Our product needs a great UX!
While the previous statement is well-intentioned (and I am certainly glad the value of design is now accepted mainstream for the most part), it’s starting to become cliche. It’s getting watered down. We used to have to fight for it, and I think it was the fight that made us work harder to prove to clients, execs, investors and ourselves...that we are doing the right thing.
As designers, we leverage research and other tools like personas to build empathy in order to understand and design experiences. We follow how others in our craft do it and leverage the patterns that emerge. However, I still find that for launching a new digital product, the most fundamental tool at our design disposal is often neglected. Many of the designers I talk to across the globe are still reluctant to do real user research early in the process. Mostly they say they believe in the benefits fully, but their actions (or lack thereof) don't match their words.
Testing early concepts with real users can provide confidence or expose grave weakness in your design approach, but how realistic should your prototype be and how early is too early in the process to talk to people?
What we found might just change the way you approach design today…
“Testing early concepts with real users can provide confidence or expose grave weakness…”
- RANDY FISHER, DEVELOPERTOWN DESIGN PARTNER
A little background
I have been thinking about this a lot lately, and I recently read "The Fidelity Curve: How to weigh the costs and benefits of creating UI mockups” on the Signal vs. Noise blog. In the article, the author is basically trying to convey the understanding that trade-offs can help you make more rational, economic decisions. He included the following visual to help make the point.
Although I didn’t feel comfortable with the ambiguity of “confidence gained” [real user research was never mentioned], the article was interesting and really got me thinking about what and when we first unveil to our potential customers.
How we believe it should be done
Here at DeveloperTown, we believe there are two fundamental questions we need to answer as quickly as possible and with the highest degree of confidence when launching a new digital product:
- Are we building the right thing?
- Are we building the right thing right?
The goal of the first question is to determine product-market fit or if someone would actually “buy” our product. Our crack marketing team wrote an insightful post on this very topic in case you missed it: The Number 1 Reason Why New Products Fail
The second question, however, is aimed directly at validating our design approach once we are relatively confident we have product-market fit. It’s an attempt to make sure the big assumptions we have made based on our research are in fact on-target. So the question is: when should I show my designs to potential customers to start collecting feedback? Our answer is always the same: as soon as you have enough information to take a shot at detailing the most important user experience in a realistic way.
To help understand how early we should begin testing, we conducted user research of our own using our eye tracking software.
What we did
We gathered up 25 participants to test two different scenarios on a fictitious shopping website. To track their results, we used an eye tracking software that produced heatmaps of where our users stared. We tested two different versions of this site, and the participants were given one version at random. Version 1 was the actual website: real code with color, images, and full design detail. Version 2 was a sketch-like wireframe we created in 2 hours using Balsamiq. This version had the same layout, but was in grayscale, used basic icons, and some text.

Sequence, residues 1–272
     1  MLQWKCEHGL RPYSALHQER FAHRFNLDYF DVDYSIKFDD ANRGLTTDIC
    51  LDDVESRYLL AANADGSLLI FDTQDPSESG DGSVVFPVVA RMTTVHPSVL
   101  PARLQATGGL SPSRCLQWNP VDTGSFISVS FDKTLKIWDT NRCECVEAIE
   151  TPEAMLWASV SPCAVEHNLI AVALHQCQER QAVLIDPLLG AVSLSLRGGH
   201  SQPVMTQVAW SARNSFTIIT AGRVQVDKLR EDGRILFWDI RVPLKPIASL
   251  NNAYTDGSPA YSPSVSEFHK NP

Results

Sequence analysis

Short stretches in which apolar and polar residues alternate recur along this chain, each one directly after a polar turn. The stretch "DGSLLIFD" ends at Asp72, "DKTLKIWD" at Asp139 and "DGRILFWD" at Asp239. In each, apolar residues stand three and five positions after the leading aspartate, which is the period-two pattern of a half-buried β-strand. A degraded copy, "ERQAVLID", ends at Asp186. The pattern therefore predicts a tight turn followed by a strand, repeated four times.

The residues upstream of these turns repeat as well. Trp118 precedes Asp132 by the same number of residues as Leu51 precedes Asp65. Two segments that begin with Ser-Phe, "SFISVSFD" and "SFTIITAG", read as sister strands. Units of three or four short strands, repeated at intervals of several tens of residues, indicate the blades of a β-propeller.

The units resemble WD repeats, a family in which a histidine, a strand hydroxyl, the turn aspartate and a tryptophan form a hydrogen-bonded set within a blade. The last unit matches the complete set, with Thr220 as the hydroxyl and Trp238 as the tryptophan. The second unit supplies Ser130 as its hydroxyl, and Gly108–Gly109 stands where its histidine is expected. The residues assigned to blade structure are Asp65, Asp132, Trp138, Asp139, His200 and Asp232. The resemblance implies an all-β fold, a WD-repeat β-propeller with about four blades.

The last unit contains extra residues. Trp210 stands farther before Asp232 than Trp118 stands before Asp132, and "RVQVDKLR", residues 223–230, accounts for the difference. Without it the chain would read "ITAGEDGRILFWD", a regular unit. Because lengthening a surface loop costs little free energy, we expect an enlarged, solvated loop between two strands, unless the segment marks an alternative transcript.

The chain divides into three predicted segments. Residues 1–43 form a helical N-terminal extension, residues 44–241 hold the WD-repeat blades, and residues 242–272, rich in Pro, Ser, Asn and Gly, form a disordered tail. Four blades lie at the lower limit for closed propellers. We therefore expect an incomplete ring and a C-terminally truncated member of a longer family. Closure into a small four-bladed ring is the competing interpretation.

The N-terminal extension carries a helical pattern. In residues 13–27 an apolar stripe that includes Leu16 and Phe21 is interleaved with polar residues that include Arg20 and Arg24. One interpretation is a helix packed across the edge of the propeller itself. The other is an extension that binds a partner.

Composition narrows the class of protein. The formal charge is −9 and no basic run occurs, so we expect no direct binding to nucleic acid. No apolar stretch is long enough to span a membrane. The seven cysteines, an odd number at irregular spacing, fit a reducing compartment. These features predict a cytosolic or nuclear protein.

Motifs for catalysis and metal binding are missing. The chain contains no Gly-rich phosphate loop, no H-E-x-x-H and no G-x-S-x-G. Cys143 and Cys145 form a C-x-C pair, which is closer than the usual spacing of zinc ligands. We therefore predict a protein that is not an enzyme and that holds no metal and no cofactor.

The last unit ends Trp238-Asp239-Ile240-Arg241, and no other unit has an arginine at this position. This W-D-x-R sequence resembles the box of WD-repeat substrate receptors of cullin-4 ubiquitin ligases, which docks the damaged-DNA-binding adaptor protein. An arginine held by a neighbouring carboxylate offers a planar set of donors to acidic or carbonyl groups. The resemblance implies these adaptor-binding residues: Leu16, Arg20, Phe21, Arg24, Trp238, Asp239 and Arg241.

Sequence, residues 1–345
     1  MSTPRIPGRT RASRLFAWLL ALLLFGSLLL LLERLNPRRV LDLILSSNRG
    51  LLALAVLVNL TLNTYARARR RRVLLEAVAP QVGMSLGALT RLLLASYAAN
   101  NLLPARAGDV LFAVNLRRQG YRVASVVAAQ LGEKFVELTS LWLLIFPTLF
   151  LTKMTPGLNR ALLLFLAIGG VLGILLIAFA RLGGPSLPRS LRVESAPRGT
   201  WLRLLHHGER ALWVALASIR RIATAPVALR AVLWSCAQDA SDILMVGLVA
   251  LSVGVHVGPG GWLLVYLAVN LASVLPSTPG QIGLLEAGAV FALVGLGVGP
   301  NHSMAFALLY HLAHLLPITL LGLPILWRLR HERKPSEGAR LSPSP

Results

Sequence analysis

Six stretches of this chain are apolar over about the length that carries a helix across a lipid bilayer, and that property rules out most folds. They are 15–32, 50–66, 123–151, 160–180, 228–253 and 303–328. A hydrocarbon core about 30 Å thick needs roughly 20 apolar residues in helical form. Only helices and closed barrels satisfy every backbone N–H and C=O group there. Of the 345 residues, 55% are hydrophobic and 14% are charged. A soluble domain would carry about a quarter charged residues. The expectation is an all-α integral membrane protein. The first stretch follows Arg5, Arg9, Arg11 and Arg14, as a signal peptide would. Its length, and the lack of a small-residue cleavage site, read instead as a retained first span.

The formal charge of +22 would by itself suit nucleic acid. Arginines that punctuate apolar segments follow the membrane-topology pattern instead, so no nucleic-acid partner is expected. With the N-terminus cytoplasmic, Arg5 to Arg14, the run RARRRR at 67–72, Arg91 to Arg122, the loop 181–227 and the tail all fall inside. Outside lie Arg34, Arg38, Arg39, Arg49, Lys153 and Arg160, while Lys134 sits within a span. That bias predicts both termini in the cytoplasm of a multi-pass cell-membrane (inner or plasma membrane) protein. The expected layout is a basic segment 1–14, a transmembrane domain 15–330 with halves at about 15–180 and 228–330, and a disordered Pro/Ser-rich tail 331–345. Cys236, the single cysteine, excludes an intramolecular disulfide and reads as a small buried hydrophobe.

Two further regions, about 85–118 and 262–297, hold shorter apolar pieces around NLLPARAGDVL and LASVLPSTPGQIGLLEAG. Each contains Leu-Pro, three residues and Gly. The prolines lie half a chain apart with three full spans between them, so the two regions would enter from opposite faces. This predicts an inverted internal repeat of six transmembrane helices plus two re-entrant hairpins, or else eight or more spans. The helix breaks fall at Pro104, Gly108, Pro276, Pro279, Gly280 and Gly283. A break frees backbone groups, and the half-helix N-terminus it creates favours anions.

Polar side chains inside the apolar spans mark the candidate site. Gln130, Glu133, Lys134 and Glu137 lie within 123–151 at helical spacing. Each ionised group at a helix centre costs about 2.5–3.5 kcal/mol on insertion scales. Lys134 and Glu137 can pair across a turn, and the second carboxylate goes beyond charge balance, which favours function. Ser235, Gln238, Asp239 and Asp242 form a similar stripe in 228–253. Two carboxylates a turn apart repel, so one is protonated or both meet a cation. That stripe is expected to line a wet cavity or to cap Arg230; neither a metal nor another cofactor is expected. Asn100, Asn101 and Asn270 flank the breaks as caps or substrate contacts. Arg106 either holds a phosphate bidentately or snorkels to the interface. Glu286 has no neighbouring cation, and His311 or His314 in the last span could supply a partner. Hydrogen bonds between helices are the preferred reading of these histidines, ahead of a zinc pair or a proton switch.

What we found
Based on our findings (and over 130 projects under our belt) it’s our belief that you can *and should* test early versions of your new designs to make sure they pass the sniff test or miss the mark completely. Both are wins at this early stage.
However, we found that testing sketches and lo-fi wireframes is ineffective. In fact, even though the scan paths and fixation points were almost exactly the same between the real code and the Balsamiq mockup, the users fixated for a longer time on the Balsamiq version (3-5 seconds on average). They also took longer to complete the tasks (7-12 seconds on average), and asked more clarifying questions on the Balsamiq mockup.
TASK 1 — GIFT CARD BALANCE CHECK
TASK 2 — LAMP SALE INFO
OUR TAKEAWAY IS THAT YOUR PROTOTYPE NEEDS TO BE AS REALISTIC AS POSSIBLE TO AVOID THE MENTAL WEIGHT OF THE USER TRYING TO INTREPRET WHAT THEY ARE LOOKING AT INSTEAD OF FOCUSING ON THEIR EXPERIENCE WHILE COMPLETING THE TASK.
What it means
With the tools and resources available today, it's not difficult to get to a realistic prototype quickly.
Among other things, we are using our version of the Google Material Design Template for SketchApp, content plugins like Craft, and the InVisionApp Prototyping Tool to help us get to a realistic prototype quickly.
With that lineup, our path to testability looks more like this:
Free (unsolicited) advice
UX Newsflash: the “U” stands for “user” and talking to them can yield insightful information and prevent major design misses. The question is not "if", but "when", and always with a realistic prototype.
Fail fast and you can go back to the drawing board and try again armed with invaluable insight. It’s a low cost design insurance policy that can prevent catastrophic waste and rework down the road. I’m not talking about full-blown usability lab testing here, just get out of your building and ask five customers for their opinion. Then see if they get it.